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Victorian Women Letters Project
http://edocs.lib.sfu.ca/pr
ojects/VWWLP/

University of British Columbia, Canada
Printer-Friendly Version

Reviewed by:
Kirsten McKenzie
University of Sydney
June 2004






This review references two additional websites:

Letters of a Victorian Lady
Francis Barnard
http://www.barnardf.demon.co.uk/

Victorian Women Writers Project
Indiana University
http://www.indiana.edu/~letrs/vwwp/

These three sites—Victorian Women Letters Project, Letters of a Victorian Lady, and the Victorian Women Writers Project—all concern women writers of the 19th century.

The Victorian Women Letters Project aims to make available the correspondence of early- to mid-Victorian British women writers. The first phase of the project concerns the correspondence of Anna Brownell Murphy Jameson (1794-1860) and Harriet Martineau (1802-1876). More than 1,000 records have been generated from the correspondence of these two women. The site gives a 1,500-word introduction to each author, including details of her life, and her social circle and her connections; these introductions provide an important background to using the correspondence. The letters are accessed by the search function. It is possible to search each author’s letters separately or the two collections together by terms such as “writer,” “addressee,” “date,” “people mentioned,” or a combination of these fields.

Jameson and Martineau were important figures in contemporary debates on literature and social issues such as abolition and the “woman question.” Their correspondence may be fruitfully used by students to trace the networks of association connected with these questions in 19th-century Britain and Europe. Full transcription of the letters are not yet available, so the site remains most useful as a record of the connections maintained through correspondence, rather than allowing detailed analysis of the correspondence itself.

The Victorian Women Writers Project comprises 300 texts by roughly 60 Victorian women writers in Britain. The site includes anthologies, novels, political pamphlets, religious tracts, children’s books, and volumes of poetry and verse drama. A key advantage of the site lies in the texts’ encoding in Standard General Markup Language (SGML). This allows for keyword searches on the entire collection. The site also includes a valuable links page that provides access to more than 75 internet resources and 20 journals.

Letters of a Victorian Lady is a much smaller site on a less well-known Victorian woman. It consists of almost 50 letters by Ada E. Leslie (born ca. 1860), who traveled in Europe and Asia in the 1880s and 1890s. The letters were written to Ada Leslie’s cousin, Pollie Galsworthy, during her travels as a governess and while attached to members of the European aristocracy in the capacity of governess and lady-in-waiting.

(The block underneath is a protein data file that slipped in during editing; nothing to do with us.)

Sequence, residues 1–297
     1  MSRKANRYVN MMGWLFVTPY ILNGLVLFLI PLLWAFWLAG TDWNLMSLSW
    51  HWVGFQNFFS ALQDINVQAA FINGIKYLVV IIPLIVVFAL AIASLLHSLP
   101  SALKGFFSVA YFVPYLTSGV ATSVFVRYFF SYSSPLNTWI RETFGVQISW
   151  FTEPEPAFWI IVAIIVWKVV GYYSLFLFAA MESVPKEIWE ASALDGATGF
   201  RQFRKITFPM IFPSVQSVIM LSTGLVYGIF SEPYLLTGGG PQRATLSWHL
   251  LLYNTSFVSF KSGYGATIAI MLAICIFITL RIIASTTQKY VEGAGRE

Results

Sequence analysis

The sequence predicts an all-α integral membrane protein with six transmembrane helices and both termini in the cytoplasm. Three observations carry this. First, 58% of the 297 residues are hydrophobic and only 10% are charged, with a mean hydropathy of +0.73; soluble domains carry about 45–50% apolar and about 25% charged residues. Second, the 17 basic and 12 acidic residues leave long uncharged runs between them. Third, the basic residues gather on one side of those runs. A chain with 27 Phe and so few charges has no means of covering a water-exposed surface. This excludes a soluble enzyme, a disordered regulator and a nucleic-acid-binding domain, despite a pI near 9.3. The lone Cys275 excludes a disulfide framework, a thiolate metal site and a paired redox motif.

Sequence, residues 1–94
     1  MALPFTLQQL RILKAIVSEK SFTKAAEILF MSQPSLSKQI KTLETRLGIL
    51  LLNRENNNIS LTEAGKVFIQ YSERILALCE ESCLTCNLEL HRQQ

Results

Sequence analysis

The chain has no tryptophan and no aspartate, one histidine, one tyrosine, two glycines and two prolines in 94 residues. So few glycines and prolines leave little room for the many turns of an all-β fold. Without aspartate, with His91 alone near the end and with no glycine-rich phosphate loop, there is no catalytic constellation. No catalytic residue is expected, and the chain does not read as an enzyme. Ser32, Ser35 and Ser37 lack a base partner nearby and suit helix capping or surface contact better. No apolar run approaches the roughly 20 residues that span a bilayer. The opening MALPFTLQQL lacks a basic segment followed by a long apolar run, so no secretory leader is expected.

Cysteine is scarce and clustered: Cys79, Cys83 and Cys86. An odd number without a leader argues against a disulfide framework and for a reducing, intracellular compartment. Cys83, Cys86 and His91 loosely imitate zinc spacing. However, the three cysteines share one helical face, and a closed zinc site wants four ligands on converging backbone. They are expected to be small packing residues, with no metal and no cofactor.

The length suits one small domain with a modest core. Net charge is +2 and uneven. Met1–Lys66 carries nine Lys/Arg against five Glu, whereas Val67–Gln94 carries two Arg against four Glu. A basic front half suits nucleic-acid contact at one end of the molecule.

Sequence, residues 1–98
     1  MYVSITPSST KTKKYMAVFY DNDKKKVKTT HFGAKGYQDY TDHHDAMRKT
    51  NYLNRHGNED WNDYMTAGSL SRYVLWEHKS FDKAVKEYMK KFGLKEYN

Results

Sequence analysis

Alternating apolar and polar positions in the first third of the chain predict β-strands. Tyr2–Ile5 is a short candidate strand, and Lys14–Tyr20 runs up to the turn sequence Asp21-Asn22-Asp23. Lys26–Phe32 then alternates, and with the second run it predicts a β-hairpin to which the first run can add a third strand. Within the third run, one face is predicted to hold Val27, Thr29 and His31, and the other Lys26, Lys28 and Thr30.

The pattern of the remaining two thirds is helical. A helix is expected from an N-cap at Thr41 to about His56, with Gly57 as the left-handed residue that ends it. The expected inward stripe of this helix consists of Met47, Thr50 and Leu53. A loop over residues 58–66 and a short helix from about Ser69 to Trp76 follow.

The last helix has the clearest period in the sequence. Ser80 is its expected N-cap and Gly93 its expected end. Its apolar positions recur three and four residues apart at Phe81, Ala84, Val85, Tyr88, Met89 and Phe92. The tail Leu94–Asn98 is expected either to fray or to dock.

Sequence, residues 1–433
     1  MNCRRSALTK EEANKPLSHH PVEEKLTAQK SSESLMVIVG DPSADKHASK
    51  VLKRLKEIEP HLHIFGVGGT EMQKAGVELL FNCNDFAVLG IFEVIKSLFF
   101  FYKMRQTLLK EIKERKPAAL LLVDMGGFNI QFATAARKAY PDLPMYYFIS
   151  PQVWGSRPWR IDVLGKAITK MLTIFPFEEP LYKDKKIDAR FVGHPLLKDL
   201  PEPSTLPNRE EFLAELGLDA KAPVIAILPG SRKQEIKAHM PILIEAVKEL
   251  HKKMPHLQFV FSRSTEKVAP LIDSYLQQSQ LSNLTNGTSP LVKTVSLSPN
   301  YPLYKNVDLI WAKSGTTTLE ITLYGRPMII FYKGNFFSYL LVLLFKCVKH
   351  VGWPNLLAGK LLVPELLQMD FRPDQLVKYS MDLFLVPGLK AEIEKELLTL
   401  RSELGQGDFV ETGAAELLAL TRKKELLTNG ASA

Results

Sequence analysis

The site is the initiative of Francis Barnard, owner of the letters and descendant of Pollie Galsworthy. A key disadvantage lies in the relative lack of contextualization of the letters. While the author’s genealogical research gives as much detail as possible on the life of Ada E. Leslie, this is still relatively thin. This is an engaging site, yet it comes across as the work of a passionate family historian rather than a scholar. The biographical details, for example, are arranged haphazardly. Some appear on the introductory page, while others are scattered between photographs the author has taken while retracing the steps of his ancestress. The letters are arranged in five sections according to date and geographical location. There is no search function.

Students might examine the letters for themes such as the author’s highly self-conscious sense of herself as an Englishwoman abroad, both in her opinions of local manners and customs and in her position as traveler and respectable woman. “One sees many things that are, to English eyes, painfully repulsive,” she writes of Greece in 1890, “the beggars are a bother and when anyone like myself absolutely refuses to give them anything, then I am afraid they say very wicked things, but in a case like mine ‘Ignorance is bliss’ for I don’t understand their jargon.” Such comments are suggestive of the complexities of female identity in the late 19th century. Women writers had both to observe their surroundings and keep their eyes and ears closed to that which a respectable woman should not see or hear.

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